The influence of technology in the daily lives of Americans and those abroad has become increasingly ubiquitous. Shifts in technology directly impact our socioeconomic structures—how individuals contribute to society and make a living. According to the 2016 World Economic Forum (WEF)’s The Future of Jobs report, the “fourth industrial revolution,” which is described as the confluence of emerging technology breakthroughs (such as artificial intelligence, the Internet of things and 3D printing), are utterly transforming everything we experience and understand. And yet, these high-tech fields are dictated by privileged and powerful few, undoubtedly leading to significant blindspots and missed opportunities in our talent pipeline. While tackling this challenge at the professional recruitment level is an important approach, more radical measures are needed in the K-12 education space.

Alexa Skill coding in Python
A portion of Suguey's Alexa skill coded in Python. (Courtesy: Hello World)

Various studies prove that female and underrepresented minority students are more likely than others to experience a lack of confidence in their abilities and imposter syndrome, meaning they believe that they have somehow not earned their achievements as a result of their own efforts or skills.

We know confidence is not borne in a vacuum. One’s belief that they are capable comes from experiences that affirm that belief, and the more rigorous and aspirational one’s accomplishments the stronger the fountain of affirmation to draw from. Undertaking a substantial computer science project provides students with tangible evidence that they can do the work of some of the most intellectually demanding fields in society. Other examples from students at Hello World include the creation of a virtual reality game built in Unity and C#, the publication of an iOS app that utilizes Apple’s augmented reality and machine learning platform to recognize and name objects in Spanish and Chinese and a music composition piece programmed in SonicPi and Ruby.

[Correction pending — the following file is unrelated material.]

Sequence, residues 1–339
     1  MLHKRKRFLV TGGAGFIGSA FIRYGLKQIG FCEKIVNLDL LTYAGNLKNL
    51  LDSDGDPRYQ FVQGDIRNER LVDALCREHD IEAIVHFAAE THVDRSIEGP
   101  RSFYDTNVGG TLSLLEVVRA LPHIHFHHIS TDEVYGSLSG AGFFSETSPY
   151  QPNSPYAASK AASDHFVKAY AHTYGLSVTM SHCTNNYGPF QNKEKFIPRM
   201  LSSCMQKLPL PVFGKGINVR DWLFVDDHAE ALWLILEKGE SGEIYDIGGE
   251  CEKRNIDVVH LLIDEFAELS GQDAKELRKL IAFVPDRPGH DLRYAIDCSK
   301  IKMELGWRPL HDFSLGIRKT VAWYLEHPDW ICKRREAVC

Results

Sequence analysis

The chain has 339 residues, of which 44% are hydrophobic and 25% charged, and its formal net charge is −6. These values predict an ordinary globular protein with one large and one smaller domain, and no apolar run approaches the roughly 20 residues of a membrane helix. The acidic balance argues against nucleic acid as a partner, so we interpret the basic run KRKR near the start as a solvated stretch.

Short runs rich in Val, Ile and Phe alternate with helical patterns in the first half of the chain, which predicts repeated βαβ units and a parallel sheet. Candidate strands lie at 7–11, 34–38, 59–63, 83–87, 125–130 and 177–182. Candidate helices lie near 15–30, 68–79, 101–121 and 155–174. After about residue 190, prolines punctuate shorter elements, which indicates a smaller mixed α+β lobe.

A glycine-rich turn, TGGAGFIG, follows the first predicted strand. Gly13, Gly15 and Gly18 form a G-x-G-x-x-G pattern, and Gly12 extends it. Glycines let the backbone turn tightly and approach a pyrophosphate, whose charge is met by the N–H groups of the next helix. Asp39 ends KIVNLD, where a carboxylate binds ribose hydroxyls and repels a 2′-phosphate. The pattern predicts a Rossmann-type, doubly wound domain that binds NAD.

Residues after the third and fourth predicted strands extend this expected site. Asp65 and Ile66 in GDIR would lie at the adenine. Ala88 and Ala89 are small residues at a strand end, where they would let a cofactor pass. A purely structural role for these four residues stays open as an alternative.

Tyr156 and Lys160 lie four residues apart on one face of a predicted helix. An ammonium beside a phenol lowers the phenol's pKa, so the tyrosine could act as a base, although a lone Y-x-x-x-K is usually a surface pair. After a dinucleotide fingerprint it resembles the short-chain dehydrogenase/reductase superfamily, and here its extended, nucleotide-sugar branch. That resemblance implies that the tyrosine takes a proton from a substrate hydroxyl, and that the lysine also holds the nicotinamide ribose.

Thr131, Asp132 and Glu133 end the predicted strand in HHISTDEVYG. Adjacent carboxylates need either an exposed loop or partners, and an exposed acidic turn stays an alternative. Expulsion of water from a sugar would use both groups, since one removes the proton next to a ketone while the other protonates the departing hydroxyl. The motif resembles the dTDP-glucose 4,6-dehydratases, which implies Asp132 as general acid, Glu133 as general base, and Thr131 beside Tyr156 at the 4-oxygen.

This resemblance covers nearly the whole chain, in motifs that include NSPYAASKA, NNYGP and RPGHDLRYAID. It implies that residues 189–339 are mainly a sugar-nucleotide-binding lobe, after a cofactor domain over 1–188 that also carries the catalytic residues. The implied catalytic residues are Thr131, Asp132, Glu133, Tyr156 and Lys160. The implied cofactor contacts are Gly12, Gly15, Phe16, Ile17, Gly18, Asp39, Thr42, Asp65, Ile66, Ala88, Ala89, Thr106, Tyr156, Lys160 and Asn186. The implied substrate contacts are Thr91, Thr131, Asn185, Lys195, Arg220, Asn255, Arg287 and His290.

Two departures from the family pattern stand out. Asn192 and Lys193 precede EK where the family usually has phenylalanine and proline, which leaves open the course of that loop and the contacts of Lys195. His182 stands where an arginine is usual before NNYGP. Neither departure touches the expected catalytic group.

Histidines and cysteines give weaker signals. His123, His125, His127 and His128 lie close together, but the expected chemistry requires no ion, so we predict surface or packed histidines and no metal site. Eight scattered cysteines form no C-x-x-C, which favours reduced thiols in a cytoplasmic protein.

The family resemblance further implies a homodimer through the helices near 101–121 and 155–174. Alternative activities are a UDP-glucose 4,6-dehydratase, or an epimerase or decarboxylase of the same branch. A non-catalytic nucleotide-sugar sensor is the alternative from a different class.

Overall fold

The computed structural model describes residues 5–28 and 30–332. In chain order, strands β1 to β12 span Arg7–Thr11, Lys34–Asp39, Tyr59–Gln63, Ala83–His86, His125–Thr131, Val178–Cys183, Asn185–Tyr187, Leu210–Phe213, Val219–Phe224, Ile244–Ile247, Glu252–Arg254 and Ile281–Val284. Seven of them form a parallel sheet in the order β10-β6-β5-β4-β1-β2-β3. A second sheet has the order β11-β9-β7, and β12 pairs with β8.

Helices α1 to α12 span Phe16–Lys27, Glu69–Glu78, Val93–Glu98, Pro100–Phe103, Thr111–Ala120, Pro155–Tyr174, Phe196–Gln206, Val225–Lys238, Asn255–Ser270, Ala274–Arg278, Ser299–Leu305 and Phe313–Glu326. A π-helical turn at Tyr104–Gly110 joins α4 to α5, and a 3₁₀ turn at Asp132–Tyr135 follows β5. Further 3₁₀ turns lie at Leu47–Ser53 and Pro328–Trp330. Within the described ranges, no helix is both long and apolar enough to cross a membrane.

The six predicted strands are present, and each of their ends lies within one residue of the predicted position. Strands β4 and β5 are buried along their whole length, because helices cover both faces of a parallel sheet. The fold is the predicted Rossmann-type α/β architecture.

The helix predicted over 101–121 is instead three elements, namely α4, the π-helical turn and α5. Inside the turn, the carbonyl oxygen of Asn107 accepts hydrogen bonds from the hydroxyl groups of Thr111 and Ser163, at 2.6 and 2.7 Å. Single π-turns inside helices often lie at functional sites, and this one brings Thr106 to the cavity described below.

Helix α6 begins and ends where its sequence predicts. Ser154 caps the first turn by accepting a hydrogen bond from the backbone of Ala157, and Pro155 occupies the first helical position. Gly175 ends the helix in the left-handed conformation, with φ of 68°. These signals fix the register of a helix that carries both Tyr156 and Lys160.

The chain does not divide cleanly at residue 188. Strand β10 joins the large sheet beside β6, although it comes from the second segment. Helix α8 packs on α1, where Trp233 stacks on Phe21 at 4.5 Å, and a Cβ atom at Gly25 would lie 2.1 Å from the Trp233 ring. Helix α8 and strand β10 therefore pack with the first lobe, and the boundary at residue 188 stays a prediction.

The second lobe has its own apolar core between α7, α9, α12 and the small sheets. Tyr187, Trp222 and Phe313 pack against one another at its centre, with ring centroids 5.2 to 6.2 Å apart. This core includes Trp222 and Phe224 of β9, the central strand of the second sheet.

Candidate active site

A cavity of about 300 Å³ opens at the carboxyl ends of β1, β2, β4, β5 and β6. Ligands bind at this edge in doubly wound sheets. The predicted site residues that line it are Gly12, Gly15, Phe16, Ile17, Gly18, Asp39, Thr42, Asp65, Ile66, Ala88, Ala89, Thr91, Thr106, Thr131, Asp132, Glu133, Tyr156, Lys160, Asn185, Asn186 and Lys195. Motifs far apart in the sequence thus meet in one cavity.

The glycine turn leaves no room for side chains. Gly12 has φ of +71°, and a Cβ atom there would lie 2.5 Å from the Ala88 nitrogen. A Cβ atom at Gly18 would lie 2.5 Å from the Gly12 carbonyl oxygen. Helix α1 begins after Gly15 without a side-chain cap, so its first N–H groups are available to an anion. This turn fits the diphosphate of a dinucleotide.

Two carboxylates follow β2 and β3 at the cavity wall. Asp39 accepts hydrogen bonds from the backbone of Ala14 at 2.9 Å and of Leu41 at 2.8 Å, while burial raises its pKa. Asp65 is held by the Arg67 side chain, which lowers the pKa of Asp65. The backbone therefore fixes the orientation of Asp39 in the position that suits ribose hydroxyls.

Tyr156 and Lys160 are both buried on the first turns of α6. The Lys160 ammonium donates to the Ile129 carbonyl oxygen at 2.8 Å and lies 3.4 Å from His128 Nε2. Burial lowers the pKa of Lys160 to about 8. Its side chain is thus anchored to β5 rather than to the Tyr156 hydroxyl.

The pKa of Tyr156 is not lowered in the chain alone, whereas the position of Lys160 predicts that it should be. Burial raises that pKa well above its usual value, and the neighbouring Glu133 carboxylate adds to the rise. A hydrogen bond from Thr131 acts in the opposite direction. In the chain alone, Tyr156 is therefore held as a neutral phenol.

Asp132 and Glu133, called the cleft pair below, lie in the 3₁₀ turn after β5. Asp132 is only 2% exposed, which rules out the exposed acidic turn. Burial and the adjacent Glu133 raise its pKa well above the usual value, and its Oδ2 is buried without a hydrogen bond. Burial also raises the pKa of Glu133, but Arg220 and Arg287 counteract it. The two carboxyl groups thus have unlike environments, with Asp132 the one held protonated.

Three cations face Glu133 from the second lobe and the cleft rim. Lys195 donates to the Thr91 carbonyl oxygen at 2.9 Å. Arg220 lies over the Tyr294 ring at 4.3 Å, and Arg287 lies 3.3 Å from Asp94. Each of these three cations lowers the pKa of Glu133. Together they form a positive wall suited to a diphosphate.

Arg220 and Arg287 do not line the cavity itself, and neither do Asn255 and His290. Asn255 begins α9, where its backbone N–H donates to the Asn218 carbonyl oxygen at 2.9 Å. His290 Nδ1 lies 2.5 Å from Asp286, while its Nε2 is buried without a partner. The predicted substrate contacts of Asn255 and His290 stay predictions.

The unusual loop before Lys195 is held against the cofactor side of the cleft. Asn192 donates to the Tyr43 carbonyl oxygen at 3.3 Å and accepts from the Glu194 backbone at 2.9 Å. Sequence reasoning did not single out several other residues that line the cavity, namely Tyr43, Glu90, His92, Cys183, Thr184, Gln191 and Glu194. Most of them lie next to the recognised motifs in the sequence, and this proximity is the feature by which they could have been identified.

The focus on computer science as a means of empowerment has several added benefits. Computer science moves well beyond “coding,” a thin layer of software development that may make sense for immediate job seekers, but not for future innovators. In computer science, math and programming are utilized as sophisticated tools towards quantitative and logical reasoning where students can identify and analyze an abstract challenge or task, break this into smaller parts and develop and test solutions to solve one piece at a time—a valuable set of capabilities that can be applied to any field.

When cultural and societal norms continually feed to female and minority students that they belong in certain fields or cannot excel at certain tasks, a personal experience that demonstrates the opposite can be life-changing. This is what happened with Suguey. She used to think that she “wasn’t good enough” and now she knows that she is exceptional. This experience will serve as a continuous reminder that she can draw upon when faced with self-doubt, and the same could—and should—be true for many other students just like her.